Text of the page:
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It’s obvious we must bring in video help ...
IN the last week, with no Premiership football, all the attention was on the international stage.
Fortunately for England we are already qualified for the World Cup and had the luxury of playing Brazil with what was basically Fabio Capello’s reserve team.
Unlike some of the other friendly games in the last few years, this one had some meaning in so far as people who are not normal first choices got in because of injuries.
They had the opportunity to show what they could do.
As it turned out, it was probably a good game for the likes of Ferdinand, Cole, Terry, even Beckham and company, to miss.
But the main interest of course was who would be the final six qualifiers to make up the 32 in the World Cup in South Africa.
So hands up who felt sorry for the Republic of Ireland?
Not you, Thierry Henry.
Your hand caused all the trouble and in doing so probably tarnished the good image he had developed in his many years at Arsenal.
In his defence, unlike the Liverpool striker Ngog last week who obviously took a dive to gain a penalty, in Henry’s case the ball struck his hand and then the second movement was a natural effort to give him the opportunity to square the pass for the ball to be headed in the net.
I would also excuse the referee, as we did in the Liverpool case.
Everything happened so quickly and there were plenty of bodies around the six yard box.
He had to make an instant decision, which even he must have known was wrong by the immediate throng of Irish players around him, but as the rules stand he was not able to change his mind.
So if ever there has was a reason for the authorities to bring in video evidence, the last fortnight have made it obvious.
The penalty at Liverpool affected supporters of two clubs, but the Irish incident was watched probably in every country in the world.
It affected the biggest prize in the world of football for managers, coaches and players – that is to take part in something that only happens every four years.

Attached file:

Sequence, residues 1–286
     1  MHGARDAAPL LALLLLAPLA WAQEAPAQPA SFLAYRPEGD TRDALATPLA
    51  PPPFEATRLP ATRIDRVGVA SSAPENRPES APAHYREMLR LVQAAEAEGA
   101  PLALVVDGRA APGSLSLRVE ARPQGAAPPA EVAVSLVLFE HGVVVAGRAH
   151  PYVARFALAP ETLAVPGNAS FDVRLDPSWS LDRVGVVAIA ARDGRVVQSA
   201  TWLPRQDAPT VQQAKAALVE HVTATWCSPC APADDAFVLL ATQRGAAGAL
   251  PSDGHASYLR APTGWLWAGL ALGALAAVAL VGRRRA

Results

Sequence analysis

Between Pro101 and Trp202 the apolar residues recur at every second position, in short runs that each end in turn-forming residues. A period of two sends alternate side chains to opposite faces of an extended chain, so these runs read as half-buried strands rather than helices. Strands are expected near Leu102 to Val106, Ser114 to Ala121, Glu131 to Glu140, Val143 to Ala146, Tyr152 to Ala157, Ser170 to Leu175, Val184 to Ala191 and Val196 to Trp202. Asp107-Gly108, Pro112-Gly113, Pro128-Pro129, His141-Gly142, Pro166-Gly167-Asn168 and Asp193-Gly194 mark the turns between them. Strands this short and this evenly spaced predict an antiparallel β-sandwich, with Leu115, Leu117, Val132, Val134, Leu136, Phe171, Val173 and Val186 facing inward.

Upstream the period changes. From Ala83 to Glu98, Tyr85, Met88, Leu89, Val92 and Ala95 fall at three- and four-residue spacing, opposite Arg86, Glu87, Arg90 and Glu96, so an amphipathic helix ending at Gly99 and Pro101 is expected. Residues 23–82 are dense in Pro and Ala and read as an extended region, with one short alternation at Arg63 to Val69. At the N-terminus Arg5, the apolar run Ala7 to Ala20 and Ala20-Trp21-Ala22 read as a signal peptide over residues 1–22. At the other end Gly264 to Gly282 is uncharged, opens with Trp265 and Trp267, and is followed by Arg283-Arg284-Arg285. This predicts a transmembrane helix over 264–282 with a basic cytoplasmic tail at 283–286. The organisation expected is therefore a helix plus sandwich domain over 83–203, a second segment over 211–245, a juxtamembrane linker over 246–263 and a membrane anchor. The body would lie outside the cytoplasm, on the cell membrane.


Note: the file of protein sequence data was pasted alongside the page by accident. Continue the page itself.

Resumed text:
Many of the Irish team will not get the opportunity again and their manager Giovanni Trapattoni, who has done such a good job, had already stated it would be his last World Cup.
I wouldn’t be too surprised if he decided not to continue too much longer.
Another other thing which left a sour taste was the politics that were brought in by the authorities who changed the rules before the play-off situation for the final qualification for the World Cup.
It was decided at the last minute to seed countries, thereby making sure for instance that countries like France, Portugal and Russia would be given a better opportunity to be in the finals.
It nearly worked out with France and Portugal easing through but Russia, surprisingly, will not be there.
There also appears to be some political movement with the England bid for 2018.
That seems a long way off but countries are already working away trying to persuade the powers that be that their country should get the bid.
One movement has already rebounded on England when someone decided to buy an expensive handbag for the wife of Mr Jack Warner who, as we know, only represents Trinidad & Tobago but is a powerful voice on the final decision making committee.
The handbag has been returned now apparently and the original committee has been altered.
If at one time it would be unthinkable for England not to be given another World Cup, to be fair it will have been over 50 years since we last hosted the tournament, then forget it now.
Other countries such as Russia and Spain seem to be ahead of us at present, certainly when it comes to being favourites in the eyes of people that matter.
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